Cys synthesis requires a cross talk of sulfur assimilation with nitrogen and carbon metabolism (Kopriva and Rennenberg, 2004). The carbon skeleton and the nitrogen in Cys both originate from Ser. 3-phosphoglycerate (3-PGA), an intermediate of glycolysis and 2-phospoglycolate, a product of photorespiration, are sources of the carbon skeleton in Ser, while nitrogen is a product of nitrate reduction and assimilation (Kopriva and Rennenberg, 2004). Since nitrogen assimilation is catalyzed by the GS-GOGAT pathway that requires 2-oxoglutarate for glutamate synthesis, reactions of the tricarboxylic acid (TCA) cycle in mitochondria are also involved in providing Ser for Cys synthesis (Kopriva and Rennenberg, 2004). Ser biosynthesis takes place in different cellular compartments, i.e., in plastids, the mitochondria and the cytosol. Its synthesis is achieved by three distinct alternative routes, a photorespiratory and two non-photorespiratory pathways, i.e., the phosphorylated pathway and the glycerate pathway (Ros et al., 2013). The mitochondrial photorespiratory pathway of Ser biosynthesis is currently considered the dominant biosynthetic route of Ser synthesis in photosynthetic cells, while the phosphorylated pathway is supposed to predominantly proceed in plastids of non-photosynthetic tissues or in photosynthetic tissue during night (Benstein et al., 2013). An Arabidopsis transgenic line, deficient in phosphoglycerate dehydrogenase (PGDH) activity showed reduced growth that can be restored by external provision of Ser. In addition, when this mutant was cultivated at high CO2 conditions, which suppresses photorespiration, reduced growth and development of new leaves were observed (Benstein et al., 2013). This finding supports the idea that photorespiratory Ser production is the dominant route of Ser biosynthesis in leaves. The Arabidopsis mutant shm1-1, defective in mitochondrial Ser hydroxymethyltransferase (SHMT), can survive only in elevated CO2 (Voll et al., 2006). The SHM2 isozyme of the SHMT gene is expressed in vascular tissue of leaves and, in contrast to the shmt1-1 mutant, the shm2-2 mutant, deficient in the SHM2 gene, does not display a visible phenotype in ambient air (Engel et al., 2011). However, the double mutant (shm1 × shm2) cannot survive without Suc supplementation even at elevated CO2, indicating that the presence of at least one isozyme, either SHMT1 or SHMT2, is essential for non-photorespiratory carbon metabolism (Engel et al., 2011).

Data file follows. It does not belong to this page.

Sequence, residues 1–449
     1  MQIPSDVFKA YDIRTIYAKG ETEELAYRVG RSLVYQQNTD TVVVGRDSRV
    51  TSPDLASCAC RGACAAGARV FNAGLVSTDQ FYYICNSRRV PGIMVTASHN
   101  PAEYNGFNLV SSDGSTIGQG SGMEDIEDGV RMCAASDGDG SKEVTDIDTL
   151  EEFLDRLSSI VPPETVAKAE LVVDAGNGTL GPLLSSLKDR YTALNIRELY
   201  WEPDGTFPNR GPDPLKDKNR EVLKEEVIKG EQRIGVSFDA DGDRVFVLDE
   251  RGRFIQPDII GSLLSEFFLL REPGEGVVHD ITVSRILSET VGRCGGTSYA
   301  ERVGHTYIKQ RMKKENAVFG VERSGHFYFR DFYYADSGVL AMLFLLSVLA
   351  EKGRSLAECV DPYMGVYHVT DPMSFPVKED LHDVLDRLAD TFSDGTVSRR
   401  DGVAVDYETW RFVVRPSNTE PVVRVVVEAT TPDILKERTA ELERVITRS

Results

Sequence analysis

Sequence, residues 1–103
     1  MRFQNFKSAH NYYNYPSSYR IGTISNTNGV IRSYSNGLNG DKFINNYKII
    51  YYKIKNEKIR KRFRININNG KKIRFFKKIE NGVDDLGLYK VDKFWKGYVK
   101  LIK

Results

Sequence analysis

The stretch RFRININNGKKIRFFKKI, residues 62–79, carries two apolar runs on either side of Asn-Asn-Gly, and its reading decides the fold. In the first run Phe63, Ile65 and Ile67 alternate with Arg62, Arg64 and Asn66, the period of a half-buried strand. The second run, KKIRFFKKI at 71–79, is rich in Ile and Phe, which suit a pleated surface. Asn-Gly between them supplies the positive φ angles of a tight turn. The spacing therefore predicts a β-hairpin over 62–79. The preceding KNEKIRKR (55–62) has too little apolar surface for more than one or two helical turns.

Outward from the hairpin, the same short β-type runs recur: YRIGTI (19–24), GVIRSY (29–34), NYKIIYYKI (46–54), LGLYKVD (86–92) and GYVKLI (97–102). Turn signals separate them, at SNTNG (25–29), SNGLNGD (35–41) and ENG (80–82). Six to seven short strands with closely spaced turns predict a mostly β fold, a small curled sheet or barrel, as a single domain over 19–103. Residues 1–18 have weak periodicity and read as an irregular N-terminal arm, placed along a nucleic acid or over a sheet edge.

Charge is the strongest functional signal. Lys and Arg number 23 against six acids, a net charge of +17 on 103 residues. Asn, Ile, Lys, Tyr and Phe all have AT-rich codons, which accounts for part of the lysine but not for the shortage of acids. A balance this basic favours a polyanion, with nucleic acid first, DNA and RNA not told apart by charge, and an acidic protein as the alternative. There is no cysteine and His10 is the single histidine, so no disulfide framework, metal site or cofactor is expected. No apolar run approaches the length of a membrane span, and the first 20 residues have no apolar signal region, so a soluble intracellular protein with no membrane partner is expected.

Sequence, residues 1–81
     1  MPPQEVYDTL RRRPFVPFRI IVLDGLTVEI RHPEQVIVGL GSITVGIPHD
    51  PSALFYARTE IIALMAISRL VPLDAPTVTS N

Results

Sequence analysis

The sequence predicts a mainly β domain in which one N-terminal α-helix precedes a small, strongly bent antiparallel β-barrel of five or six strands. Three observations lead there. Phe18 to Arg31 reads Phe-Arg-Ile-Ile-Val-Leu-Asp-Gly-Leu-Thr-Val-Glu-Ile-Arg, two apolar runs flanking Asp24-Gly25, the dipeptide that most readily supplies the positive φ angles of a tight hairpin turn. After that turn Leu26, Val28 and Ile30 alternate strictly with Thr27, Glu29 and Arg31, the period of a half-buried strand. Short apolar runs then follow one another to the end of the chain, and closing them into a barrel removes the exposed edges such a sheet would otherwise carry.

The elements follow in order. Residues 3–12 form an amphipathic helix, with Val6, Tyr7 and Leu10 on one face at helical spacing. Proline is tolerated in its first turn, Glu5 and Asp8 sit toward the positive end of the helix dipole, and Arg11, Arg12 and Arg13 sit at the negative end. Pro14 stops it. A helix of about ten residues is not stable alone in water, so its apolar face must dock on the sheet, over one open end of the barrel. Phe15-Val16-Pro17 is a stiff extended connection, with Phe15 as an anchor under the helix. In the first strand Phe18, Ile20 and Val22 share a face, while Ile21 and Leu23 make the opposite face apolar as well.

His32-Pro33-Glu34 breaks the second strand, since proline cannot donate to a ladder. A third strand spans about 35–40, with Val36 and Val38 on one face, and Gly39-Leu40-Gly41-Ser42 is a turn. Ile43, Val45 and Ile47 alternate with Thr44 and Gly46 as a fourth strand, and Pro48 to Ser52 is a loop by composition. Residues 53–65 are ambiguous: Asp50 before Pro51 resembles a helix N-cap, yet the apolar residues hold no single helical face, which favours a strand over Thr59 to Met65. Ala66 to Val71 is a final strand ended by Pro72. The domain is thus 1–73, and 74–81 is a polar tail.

For studying the significance of the photorespiratory pathway of Ser biosynthesis in Cys production, the Arabidopsis “a bout de soufflé” (bou-2) mutant, with reduced activity of the mitochondrial glycine decarboxylase (GDC) multi-enzyme due to knock-down of mitochondrial BOU transporter protein, seems to be a suitable subject. The BOU gene is strongly co-expressed with the genes GDP2, GDP1, GDT, and HGDH3 encoding subunits of the GDC multi-enzyme complex, and SHM1, encoding mitochondrial SHM1 (Eisenhut et al., 2013). In experiments with the Arabidopsis bou-2 mutant, the level of GDP protein was decreased, which led to a strongly reduced GDC activity (Eisenhut et al., 2013). Although bou-2 plants are not lethal, they show severe growth defects at ambient CO2, such as slow shoot apical meristem cell cycle activity and cell division (Eisenhut et al., 2013). After 2 days of growth at elevated CO2, cell division was resumed in bou-2 mutants, indicating the requirement of suppression of photorespiration by elevated CO2 for growth and development of the mutant (Eisenhut et al., 2013).